Neal Ascherson, writing in the London Review of Books, has penned a long and detailed review of Artur Domosławski’s book. As someone friendly with Kapuściński and familiar with the “dilemmas of integrity and conscience that are still painful for any journalist who tried to report on the big world in the late 20th century”, his insights are particularly rewarding.
For Ascherson, Domosławski’s book is “compelling, exhaustive and often upsetting.” Presented with a thoroughly engaging, yet highly problematic picture of Kapuściński, Ascherson asserts that:
Domosławski has written a book which is three sorts of cautionary tale: about journalism engaged or disengaged, about the political maze through which intelligent Poles made their way in the later 20th century, about the endless capacity of human beings to believe their own fictions and keep secrets from themselves. He ends up still confident about Kapuściński’s stature as a writer, still attracted to the memory of him as a friend, but amazed at what he has found out. As one of Kapuściński’s former lovers said, ‘he was a complex man living in tangled times, in several eras, in various worlds.’
So why so problematic? Two things come to light: firstly, Kapuściński’s collaboration with the Polish intelligence services, and secondly, questions surrounding the veracity of much of Kapuściński’s work:
Did he make things up? Did he manufacture quotes, say he had been to places when he hadn’t, describe scenes that never happened? If so, did he tell lies in his routine reporting, as an agency man for the Polish Press Agency and Polish newspapers? Or did he reserve for his famous books a style of ‘literary reportage’ in which embroidery and even manipulation of the facts were skilfully used to create a reality ‘truer than the truth’? … How should we read books like The Emperor (based, according to him, on interviews with Haile Selassie’s courtiers after his empire had been overthrown) now that it seems unlikely that those interviews took place as he described them?
Yet, despite this evident flaw, Ascherson acknowledges:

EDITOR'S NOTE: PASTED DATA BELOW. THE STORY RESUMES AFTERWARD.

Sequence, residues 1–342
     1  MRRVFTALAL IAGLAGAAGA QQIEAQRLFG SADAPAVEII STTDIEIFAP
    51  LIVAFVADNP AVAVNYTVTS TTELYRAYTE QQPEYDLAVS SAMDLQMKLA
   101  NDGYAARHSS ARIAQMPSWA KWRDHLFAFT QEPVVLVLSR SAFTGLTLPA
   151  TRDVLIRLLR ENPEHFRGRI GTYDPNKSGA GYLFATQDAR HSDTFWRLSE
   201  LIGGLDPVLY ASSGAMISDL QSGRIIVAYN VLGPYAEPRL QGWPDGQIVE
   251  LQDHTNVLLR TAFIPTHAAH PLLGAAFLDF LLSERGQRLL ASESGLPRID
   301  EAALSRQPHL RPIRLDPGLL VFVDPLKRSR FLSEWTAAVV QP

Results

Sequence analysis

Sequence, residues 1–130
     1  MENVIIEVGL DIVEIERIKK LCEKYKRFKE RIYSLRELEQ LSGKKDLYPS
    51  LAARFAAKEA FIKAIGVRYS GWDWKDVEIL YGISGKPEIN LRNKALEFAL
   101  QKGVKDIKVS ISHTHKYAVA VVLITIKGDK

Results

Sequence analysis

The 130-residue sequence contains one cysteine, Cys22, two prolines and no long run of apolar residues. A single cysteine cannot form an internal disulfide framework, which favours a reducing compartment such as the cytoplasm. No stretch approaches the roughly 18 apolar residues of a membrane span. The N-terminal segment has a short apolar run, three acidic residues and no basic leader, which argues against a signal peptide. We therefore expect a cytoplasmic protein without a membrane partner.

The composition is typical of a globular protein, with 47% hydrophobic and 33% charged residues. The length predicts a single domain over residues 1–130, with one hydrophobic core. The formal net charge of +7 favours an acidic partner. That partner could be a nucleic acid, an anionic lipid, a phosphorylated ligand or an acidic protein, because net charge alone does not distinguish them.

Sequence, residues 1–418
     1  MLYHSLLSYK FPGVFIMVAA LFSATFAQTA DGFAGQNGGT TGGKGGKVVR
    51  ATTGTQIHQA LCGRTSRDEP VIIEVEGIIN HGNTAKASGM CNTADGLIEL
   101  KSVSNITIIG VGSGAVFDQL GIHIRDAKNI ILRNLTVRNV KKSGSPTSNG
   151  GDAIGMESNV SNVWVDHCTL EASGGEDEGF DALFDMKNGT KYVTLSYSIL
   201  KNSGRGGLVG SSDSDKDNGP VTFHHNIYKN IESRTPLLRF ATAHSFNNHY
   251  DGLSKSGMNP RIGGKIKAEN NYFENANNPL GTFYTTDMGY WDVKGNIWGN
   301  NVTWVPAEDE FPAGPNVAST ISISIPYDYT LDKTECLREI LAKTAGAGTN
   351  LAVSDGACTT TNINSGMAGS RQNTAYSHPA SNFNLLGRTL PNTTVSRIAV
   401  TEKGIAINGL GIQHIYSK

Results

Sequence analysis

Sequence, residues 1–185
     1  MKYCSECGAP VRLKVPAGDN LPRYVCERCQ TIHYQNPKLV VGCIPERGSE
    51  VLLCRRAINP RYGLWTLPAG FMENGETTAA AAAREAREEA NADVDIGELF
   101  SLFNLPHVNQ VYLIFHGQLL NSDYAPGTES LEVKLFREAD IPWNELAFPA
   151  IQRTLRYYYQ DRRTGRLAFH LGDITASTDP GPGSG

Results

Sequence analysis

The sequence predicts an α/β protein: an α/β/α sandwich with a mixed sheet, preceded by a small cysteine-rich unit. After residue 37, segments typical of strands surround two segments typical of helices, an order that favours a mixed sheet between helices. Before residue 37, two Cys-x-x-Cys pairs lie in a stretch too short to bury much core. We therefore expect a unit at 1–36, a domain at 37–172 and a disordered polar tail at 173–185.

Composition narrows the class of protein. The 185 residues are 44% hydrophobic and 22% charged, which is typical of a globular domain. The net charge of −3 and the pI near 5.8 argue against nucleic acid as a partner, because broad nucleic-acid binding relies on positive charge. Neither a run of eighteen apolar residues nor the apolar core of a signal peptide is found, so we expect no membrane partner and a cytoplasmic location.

He probably did embroider and reposition details about the fighting in Angola. But, as a reporter on one of those wars, I can say that he caught ‘how it felt to be there’ as nobody else could.
Agata Pyzik, reviewing for the Guardian, focuses on Kapuściński’s collaboration with the communist regime:
The constant speculation about the level of Kapuściński's engagement with the regime means that this biography reads at times like a John Le Carré novel. The question of identity, of image, of truth, of confabulation, shifts constantly and gains new meanings, turning the book into a quest for Kapuściński's personality. Who was he? Not even his family or close friends are really able to answer.
She describes the book as “not a conventional biography” and highlights how the biographer’s
confirmation of the reporter's close connection with various aspects of the communist order, including the intelligence services; his belief in socialist ideology; and his uneasy adaptation to post-1989 realities … has produced a rare and subtle portrait of the People's Republic of Poland.
Continuing on, she praises the author for bringing “back the authentic voice of the reporter and hero”, asserting “if only for that, it is a truly great achievement.”
In the Economist Domosławski is praised for his approach:
Mr Domosławski is not a doctrinaire anti-communist, for whom any collaboration with the regime is unforgivable treachery. Nor is he one of those who prizes the beauty of Kapuscinski's prose over his professional lapses. Mr Domoslawski was a friend of the great man; but resolved to treat his life as a subject for serious inquiry, setting out with an open mind and detailed knowledge, and adding more insights and evidence along the way…The result is an exemplary explanation of what made Kapuscinski tick.
Visit the London Review of Books to read Neal Ascherson’s review in full.
Visit the Guardian to read Agata Pyzik’s review in full.
Visit the Economist to read the review in full.